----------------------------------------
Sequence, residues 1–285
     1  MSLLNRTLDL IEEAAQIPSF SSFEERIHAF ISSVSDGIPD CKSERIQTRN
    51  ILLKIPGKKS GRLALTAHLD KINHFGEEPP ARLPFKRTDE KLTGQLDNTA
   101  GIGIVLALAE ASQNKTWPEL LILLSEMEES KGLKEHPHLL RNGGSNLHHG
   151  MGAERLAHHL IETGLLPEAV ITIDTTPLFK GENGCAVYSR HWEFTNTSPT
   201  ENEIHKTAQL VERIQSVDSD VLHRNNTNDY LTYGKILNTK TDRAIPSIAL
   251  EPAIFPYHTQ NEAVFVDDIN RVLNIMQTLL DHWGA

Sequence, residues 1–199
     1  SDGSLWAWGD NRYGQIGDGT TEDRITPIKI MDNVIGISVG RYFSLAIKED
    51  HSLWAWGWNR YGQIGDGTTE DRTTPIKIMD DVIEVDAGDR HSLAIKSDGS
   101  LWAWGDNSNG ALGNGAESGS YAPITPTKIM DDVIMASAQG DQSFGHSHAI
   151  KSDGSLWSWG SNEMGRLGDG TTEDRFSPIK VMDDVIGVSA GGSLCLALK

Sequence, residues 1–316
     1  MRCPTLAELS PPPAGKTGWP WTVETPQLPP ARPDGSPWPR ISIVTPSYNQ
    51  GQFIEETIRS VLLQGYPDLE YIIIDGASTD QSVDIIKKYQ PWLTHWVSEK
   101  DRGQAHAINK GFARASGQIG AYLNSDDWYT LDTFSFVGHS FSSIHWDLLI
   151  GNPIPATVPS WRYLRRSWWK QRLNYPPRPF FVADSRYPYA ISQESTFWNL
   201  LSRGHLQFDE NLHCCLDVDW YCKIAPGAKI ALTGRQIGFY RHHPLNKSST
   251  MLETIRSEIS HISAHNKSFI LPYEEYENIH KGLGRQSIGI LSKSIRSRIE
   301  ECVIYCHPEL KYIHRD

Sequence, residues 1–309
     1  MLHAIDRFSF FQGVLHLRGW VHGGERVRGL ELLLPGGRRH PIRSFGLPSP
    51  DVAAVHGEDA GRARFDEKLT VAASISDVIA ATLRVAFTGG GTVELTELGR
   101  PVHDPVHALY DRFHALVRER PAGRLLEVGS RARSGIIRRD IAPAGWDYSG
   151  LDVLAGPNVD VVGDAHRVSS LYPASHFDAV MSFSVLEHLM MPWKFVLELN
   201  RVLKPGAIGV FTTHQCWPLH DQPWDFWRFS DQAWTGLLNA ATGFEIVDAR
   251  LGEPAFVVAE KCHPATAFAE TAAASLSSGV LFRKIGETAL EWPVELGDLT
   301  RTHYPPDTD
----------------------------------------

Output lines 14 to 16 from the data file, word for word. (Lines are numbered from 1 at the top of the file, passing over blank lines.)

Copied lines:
     1  MRCPTLAELS PPPAGKTGWP WTVETPQLPP ARPDGSPWPR ISIVTPSYNQ
    51  GQFIEETIRS VLLQGYPDLE YIIIDGASTD QSVDIIKKYQ PWLTHWVSEK
   101  DRGQAHAINK GFARASGQIG AYLNSDDWYT LDTFSFVGHS FSSIHWDLLI